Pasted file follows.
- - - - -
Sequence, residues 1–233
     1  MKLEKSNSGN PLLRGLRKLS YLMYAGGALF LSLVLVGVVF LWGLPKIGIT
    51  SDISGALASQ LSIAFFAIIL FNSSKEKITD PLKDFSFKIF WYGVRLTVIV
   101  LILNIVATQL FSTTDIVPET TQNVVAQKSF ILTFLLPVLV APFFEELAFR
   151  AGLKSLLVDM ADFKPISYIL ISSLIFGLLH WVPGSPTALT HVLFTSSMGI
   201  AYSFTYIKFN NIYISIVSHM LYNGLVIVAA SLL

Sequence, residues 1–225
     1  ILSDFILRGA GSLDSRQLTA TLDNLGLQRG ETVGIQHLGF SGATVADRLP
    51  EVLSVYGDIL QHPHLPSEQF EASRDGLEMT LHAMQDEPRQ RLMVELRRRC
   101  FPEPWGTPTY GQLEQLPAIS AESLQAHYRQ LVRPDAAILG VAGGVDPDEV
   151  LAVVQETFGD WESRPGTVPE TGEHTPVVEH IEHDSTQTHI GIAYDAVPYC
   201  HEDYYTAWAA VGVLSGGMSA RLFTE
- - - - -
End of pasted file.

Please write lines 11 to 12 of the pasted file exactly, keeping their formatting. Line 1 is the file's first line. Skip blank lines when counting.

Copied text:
   151  LAVVQETFGD WESRPGTVPE TGEHTPVVEH IEHDSTQTHI GIAYDAVPYC
   201  HEDYYTAWAA VGVLSGGMSA RLFTE